September 25, 2017
By Darron McDougal
When the bull bugled from the other side of the deep canyon an hour before dark, reaching him during legal shooting light seemed like a tall order. Nonetheless, I shimmied down the tree I was posted in that overlooked a wallow as fast as I safely could. When boot rubber met earth, I scurried down to the canyon bottom, then climbed the vertical opposite side, not stopping to catch my breath. I was breathing hard and my mouth was dry, but I had no time to waste.
With 15 minutes of legal shooting light remaining, I slowed my pace as the bugles surged in volume. I was getting close — really close. I carefully picked my way through the quaking aspens. The evening was calm, so each leaf I stepped on made a Crunch! I did my best to walk like an elk, cow calling softly as I made my final approach.
The bull was in an opening outside the quakie patch, and just as I was about to see him, I realized he wasn't alone. A cow I didn't know existed exploded, and the rest of the confused herd bolted, too. I hurried forward, and as the bull stopped to round up the stragglers, I spotted him. He was a giant bull for Idaho, likely approaching the 340-inch mark. My rangefinder read 120 yards, and I knew the evening was over.
If not for that pesky cow, I believe I would have had a legitimate chance to arrow him. But, when he moved away, I could tell the herd would go only a short distance and hold up for the night, which is what they did, because I easily got on them the following morning.
Why did I share the story of an unsuccessful hunt? Simple. Many bowhunters — if I hadn't been in shape, myself included — wouldn't have gotten that encounter. With the time available and the terrain conditions, it just wasn't doable, aside from being fit to tackle it. It was grueling and difficult even though I was in shape. When I say the descent and climb was intense and vertical, I mean it. So, I pose this question to all bowhunters who don't work out or exercise: How many encounters/opportunities do you miss out on by being out of shape? Ponder on that.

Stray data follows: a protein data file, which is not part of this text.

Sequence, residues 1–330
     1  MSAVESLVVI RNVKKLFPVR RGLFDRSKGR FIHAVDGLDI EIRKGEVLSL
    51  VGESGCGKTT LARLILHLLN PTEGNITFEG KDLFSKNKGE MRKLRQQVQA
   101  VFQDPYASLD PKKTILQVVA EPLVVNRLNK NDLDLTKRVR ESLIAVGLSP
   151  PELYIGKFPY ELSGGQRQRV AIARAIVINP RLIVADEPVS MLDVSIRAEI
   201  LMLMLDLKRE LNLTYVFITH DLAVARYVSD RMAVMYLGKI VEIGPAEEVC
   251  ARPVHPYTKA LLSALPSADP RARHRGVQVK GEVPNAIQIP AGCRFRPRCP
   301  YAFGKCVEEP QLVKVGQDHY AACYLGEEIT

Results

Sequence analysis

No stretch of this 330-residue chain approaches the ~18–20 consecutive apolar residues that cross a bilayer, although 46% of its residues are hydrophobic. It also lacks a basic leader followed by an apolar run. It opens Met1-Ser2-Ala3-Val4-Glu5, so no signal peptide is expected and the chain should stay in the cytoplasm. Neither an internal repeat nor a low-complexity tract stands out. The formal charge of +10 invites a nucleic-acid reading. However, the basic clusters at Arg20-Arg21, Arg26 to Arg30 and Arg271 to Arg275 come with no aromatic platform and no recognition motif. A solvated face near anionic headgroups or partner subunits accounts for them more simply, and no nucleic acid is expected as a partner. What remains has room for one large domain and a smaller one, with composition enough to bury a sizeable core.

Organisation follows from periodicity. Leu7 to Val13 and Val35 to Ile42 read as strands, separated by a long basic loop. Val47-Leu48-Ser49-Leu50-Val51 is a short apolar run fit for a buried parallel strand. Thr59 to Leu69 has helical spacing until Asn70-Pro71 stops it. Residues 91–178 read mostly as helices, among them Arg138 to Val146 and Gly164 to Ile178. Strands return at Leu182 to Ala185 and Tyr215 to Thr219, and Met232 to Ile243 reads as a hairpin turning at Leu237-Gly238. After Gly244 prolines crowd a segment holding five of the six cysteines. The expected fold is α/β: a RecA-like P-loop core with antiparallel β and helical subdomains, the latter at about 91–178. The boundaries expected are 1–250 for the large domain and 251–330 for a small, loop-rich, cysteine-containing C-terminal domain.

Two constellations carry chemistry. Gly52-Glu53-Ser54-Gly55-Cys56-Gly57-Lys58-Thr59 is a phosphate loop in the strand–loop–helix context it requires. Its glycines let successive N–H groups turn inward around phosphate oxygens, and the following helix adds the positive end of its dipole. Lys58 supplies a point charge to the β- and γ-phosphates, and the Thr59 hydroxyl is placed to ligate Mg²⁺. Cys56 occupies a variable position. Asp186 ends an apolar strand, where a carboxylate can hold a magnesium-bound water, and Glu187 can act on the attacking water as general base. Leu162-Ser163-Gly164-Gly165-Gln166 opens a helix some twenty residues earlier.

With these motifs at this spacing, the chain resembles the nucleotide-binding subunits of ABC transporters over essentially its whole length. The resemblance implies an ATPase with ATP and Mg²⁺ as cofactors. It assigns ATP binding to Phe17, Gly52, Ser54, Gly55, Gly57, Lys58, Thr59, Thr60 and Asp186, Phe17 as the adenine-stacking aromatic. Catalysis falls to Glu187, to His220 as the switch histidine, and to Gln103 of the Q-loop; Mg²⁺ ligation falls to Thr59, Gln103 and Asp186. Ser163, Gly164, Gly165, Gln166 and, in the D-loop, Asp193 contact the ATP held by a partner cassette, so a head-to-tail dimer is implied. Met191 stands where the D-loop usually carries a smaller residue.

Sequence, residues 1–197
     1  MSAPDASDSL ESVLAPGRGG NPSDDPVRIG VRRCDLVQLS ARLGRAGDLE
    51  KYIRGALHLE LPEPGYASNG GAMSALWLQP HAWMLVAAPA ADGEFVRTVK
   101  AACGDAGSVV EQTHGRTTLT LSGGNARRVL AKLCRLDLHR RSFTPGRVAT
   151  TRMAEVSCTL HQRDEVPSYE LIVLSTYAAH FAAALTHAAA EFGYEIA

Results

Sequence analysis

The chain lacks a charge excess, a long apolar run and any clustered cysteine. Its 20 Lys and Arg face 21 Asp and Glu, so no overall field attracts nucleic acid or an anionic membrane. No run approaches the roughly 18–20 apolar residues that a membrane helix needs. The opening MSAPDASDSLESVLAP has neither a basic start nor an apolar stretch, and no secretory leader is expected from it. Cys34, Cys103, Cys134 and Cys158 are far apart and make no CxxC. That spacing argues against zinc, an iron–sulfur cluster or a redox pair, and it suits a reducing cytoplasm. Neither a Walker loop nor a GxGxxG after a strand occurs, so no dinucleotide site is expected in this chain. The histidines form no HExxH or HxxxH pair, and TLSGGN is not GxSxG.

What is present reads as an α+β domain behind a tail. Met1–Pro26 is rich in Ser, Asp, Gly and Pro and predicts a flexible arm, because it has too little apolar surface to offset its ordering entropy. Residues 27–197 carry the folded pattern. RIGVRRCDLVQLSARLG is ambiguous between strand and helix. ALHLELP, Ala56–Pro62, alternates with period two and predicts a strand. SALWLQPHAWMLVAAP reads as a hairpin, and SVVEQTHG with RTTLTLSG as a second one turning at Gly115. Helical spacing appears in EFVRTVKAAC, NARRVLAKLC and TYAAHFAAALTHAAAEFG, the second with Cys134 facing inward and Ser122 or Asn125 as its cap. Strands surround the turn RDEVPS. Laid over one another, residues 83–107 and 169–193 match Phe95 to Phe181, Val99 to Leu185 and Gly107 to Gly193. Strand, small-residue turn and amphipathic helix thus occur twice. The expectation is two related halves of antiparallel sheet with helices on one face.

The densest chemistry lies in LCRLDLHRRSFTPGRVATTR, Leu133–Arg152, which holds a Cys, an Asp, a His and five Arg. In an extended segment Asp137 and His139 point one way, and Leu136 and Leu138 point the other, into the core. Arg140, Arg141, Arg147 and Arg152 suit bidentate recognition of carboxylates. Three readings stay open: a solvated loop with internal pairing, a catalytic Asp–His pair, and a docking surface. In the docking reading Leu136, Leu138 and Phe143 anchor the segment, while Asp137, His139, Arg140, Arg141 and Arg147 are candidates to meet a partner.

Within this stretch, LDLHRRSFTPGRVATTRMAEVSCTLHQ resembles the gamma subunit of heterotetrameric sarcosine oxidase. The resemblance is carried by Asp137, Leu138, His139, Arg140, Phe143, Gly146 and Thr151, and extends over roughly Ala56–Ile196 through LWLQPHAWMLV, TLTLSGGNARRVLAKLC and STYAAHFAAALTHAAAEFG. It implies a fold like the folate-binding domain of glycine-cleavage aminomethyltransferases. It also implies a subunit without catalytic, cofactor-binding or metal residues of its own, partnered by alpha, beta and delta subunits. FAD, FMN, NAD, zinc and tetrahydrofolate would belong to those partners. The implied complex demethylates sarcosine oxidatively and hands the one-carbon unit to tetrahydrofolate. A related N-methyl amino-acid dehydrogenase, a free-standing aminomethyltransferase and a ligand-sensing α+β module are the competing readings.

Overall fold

Regardless of the type of hunting you do — treestand or spot and stalk — I'll argue that every archer can benefit from bowhunting fitness. Let's review five reasons why.
Cardio Augments Lungpower, Shooting Control
Any type of exercise that instantly speeds your heart rate does more than burn calories. Each time you engage in said exercises, your lungs condition to the sudden jolt. Don't kill yourself the first time you sprint, ride bike or get on the elliptical. Start out with what you can handle, then gradually add more challenges. Each time you increase the intensity and duration of your cardiovascular exercises, your lungs will become more powerful, allowing you to control your breathing rather than become breathless and unable to function.
Of course, the obvious benefit of cardio is that you'll be able to keep after a traveling bull elk or caribou. However, even treestand bowhunters will benefit. When your breathing and heart rate increase because of buck fever/adrenaline, you'll be able to shoot more accurately because you're used to the changes that happen in your body from the adrenaline rush.